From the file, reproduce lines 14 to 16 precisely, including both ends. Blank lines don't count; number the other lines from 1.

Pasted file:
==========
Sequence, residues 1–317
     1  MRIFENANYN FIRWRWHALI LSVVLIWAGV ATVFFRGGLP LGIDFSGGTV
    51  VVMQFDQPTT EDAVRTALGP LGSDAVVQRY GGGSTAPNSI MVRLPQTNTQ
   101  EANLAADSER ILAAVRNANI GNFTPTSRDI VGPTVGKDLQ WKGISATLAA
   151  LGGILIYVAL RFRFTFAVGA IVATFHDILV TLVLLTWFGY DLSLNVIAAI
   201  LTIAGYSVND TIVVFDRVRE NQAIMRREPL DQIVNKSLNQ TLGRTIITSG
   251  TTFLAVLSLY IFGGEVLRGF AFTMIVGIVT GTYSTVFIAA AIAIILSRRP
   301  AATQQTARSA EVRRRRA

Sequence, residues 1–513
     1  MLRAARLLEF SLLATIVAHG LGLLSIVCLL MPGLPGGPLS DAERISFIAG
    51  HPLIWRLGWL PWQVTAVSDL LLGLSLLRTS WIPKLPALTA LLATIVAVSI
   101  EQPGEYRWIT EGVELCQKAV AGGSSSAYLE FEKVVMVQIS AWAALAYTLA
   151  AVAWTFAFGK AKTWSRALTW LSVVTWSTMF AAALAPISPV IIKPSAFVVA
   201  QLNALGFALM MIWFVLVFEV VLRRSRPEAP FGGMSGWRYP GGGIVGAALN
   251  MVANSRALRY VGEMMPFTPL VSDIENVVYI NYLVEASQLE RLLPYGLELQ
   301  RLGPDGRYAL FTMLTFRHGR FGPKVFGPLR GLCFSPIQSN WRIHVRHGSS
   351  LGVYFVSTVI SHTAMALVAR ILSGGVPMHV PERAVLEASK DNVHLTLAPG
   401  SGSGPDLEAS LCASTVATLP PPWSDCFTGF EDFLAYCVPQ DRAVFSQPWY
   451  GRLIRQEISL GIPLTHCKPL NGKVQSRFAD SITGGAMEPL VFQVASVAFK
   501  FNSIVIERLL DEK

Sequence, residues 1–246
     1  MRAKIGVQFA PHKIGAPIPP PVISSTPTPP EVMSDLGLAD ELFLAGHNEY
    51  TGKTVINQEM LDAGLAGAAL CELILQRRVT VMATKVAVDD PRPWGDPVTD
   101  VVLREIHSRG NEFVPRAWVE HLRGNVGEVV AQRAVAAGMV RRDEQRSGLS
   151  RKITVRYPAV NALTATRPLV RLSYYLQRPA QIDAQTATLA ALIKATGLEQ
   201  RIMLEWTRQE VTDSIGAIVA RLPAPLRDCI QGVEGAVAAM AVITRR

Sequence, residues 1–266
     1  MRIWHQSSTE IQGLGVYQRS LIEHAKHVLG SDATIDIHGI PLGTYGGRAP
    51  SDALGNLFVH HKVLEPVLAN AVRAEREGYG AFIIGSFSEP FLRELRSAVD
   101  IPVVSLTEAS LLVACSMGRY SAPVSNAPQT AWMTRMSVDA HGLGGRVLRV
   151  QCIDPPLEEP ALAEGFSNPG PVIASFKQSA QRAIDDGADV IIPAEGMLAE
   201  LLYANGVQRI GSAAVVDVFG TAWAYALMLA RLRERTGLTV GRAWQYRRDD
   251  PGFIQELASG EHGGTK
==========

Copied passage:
   201  QLNALGFALM MIWFVLVFEV VLRRSRPEAP FGGMSGWRYP GGGIVGAALN
   251  MVANSRALRY VGEMMPFTPL VSDIENVVYI NYLVEASQLE RLLPYGLELQ
   301  RLGPDGRYAL FTMLTFRHGR FGPKVFGPLR GLCFSPIQSN WRIHVRHGSS